A string of company insolvencies in 2013 lead to around $190 million in unpaid superannuation to employees that will never be recovered, according to reports.
The Australian Taxation Office says that an additional $15 million in payments were not paid because it was not economical to follow them up, Fairfax reports.
The large sum was revealed in evidence given by the ATO at a parliamentary committee hearing last week, Fairfax says.
Things are not looking better for the current financial year, with the amount of super lost due to insolvency at $81.3 million so far, while another $7 million has not been chased, the report says.
Australian Institute of Superannuation Trustees executive manager of policy and research David Hayes told SmartCompany that while $190 million is a lot of money, it is still a “drop in the ocean” in comparison to the billions of dollars companies pay to Australian staff in superannuation each year.
He says the “majority of businesses are good corporate citizens” and do pay super regularly.
“There are a small proportion of employers that don’t take super seriously or are under financial stress,” he says.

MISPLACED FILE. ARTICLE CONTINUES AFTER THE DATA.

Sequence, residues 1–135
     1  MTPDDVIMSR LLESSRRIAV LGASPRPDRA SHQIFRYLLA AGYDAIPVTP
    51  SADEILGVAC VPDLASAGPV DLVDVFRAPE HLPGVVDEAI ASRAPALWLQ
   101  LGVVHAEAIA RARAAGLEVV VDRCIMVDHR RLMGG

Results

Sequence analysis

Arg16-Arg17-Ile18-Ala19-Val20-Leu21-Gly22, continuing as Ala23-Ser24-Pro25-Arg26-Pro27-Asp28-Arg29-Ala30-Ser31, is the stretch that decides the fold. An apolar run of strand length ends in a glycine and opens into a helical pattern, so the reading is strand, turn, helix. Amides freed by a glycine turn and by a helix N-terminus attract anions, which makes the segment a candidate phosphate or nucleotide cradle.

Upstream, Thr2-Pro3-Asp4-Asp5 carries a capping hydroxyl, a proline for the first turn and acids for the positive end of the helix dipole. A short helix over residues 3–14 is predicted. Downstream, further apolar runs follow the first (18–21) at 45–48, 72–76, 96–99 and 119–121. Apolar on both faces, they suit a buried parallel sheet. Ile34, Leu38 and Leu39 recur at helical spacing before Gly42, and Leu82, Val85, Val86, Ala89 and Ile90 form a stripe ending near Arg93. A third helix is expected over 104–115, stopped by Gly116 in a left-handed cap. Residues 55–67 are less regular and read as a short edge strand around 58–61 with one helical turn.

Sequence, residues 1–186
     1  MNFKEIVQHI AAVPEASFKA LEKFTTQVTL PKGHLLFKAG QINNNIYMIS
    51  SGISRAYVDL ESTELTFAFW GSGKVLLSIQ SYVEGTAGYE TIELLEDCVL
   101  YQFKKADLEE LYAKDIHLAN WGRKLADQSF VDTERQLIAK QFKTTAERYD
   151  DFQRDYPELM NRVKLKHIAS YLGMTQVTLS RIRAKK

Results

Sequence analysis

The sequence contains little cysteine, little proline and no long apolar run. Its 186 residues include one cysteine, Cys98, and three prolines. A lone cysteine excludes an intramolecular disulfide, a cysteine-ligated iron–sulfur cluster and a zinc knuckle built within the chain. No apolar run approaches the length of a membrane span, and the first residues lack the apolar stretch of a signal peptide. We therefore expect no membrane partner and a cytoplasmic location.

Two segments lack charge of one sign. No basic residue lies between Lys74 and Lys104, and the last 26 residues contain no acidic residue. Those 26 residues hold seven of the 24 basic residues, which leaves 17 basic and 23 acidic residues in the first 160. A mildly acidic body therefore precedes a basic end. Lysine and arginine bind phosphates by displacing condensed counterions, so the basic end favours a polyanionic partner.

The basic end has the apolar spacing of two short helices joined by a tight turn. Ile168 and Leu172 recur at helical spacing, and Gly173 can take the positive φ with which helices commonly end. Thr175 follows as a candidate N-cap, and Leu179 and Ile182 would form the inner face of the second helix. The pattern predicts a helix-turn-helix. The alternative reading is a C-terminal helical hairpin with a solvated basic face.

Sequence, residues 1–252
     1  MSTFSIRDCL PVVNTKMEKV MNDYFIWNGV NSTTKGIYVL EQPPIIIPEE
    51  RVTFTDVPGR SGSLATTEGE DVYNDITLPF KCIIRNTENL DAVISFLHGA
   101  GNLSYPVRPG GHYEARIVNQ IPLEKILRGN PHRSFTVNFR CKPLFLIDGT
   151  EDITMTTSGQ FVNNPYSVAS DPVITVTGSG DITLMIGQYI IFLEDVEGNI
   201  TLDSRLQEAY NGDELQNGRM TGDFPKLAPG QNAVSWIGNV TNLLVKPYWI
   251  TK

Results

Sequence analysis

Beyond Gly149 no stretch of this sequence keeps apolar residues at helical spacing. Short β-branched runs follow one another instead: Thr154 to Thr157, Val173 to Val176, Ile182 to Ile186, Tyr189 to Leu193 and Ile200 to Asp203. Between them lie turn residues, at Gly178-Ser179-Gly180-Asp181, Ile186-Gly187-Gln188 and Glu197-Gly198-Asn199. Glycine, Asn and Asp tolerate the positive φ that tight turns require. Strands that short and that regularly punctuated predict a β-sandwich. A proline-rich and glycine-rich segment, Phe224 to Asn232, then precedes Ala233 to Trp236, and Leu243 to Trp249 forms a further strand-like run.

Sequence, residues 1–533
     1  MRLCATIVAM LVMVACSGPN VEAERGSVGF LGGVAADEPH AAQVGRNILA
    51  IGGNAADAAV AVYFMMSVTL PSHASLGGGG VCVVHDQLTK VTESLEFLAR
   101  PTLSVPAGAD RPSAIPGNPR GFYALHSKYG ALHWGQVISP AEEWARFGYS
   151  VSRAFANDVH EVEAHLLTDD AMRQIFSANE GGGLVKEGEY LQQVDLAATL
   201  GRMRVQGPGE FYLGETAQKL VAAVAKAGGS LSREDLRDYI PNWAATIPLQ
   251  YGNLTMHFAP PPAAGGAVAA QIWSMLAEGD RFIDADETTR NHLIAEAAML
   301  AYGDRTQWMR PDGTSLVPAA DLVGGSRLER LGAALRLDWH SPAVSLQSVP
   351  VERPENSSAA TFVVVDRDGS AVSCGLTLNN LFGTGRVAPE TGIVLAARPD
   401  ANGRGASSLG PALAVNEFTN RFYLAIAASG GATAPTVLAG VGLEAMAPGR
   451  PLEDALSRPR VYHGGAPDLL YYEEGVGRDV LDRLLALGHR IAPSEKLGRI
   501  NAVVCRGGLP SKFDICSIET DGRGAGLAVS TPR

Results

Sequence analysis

He explains that as businesses reach financial trouble, paying super can be one of the things they push to the bottom of their priorities, which leaves staff in the lurch if the company becomes insolvent.
In cases where businesses only pass on super collected to superannuation companies quarterly, it can be easy to accrue large sums that are owed.
Hayes says the previous federal government reviewed where employees stand when it comes to the hierarchy of creditors in an insolvency. However in many cases of insolvency, there are no funds to offer regardless.
“If you are a small business, our advice is to pay super regularly rather than quarterly (such as weekly or monthly),” he says.
“If you are an employee, I suggest that you are in a super fund that has a website with member access that allows you to look up your account and check the frequency of contributions from your employer.”
Hayes says employers may put on a payslip that they have accounted for super, but they may not regularly pass on those funds to the superannuation companies.
Hayes says as part of the Stronger Super changes implemented on January 1 this year, employers are required to add more details to payslips about how they are handling super payments. However he says regulations for this are not yet concluded.
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